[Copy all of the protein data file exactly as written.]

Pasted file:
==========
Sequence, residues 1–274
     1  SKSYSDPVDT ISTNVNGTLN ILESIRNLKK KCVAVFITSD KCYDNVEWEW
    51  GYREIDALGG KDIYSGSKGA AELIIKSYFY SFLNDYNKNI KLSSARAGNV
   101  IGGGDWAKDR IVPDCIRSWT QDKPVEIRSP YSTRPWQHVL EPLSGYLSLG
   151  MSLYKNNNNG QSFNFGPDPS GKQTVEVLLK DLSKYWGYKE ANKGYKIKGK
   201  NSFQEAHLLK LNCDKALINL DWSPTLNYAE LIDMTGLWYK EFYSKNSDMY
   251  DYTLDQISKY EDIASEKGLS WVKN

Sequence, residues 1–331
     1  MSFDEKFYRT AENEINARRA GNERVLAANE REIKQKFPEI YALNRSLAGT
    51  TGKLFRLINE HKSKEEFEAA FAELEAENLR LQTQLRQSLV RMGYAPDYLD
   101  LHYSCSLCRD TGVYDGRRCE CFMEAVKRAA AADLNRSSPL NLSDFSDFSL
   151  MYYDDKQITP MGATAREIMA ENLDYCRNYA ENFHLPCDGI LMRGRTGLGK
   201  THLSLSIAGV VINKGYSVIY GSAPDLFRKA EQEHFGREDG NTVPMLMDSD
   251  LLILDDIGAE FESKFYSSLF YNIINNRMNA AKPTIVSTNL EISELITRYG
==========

Sequence, residues 1–274
     1  SKSYSDPVDT ISTNVNGTLN ILESIRNLKK KCVAVFITSD KCYDNVEWEW
    51  GYREIDALGG KDIYSGSKGA AELIIKSYFY SFLNDYNKNI KLSSARAGNV
   101  IGGGDWAKDR IVPDCIRSWT QDKPVEIRSP YSTRPWQHVL EPLSGYLSLG
   151  MSLYKNNNNG QSFNFGPDPS GKQTVEVLLK DLSKYWGYKE ANKGYKIKGK
   201  NSFQEAHLLK LNCDKALINL DWSPTLNYAE LIDMTGLWYK EFYSKNSDMY
   251  DYTLDQISKY EDIASEKGLS WVKN

Sequence, residues 1–331
     1  MSFDEKFYRT AENEINARRA GNERVLAANE REIKQKFPEI YALNRSLAGT
    51  TGKLFRLINE HKSKEEFEAA FAELEAENLR LQTQLRQSLV RMGYAPDYLD
   101  LHYSCSLCRD TGVYDGRRCE CFMEAVKRAA AADLNRSSPL NLSDFSDFSL
   151  MYYDDKQITP MGATAREIMA ENLDYCRNYA ENFHLPCDGI LMRGRTGLGK
   201  THLSLSIAGV VINKGYSVIY GSAPDLFRKA EQEHFGREDG NTVPMLMDSD
   251  LLILDDIGAE FESKFYSSLF YNIINNRMNA AKPTIVSTNL EISELITRYG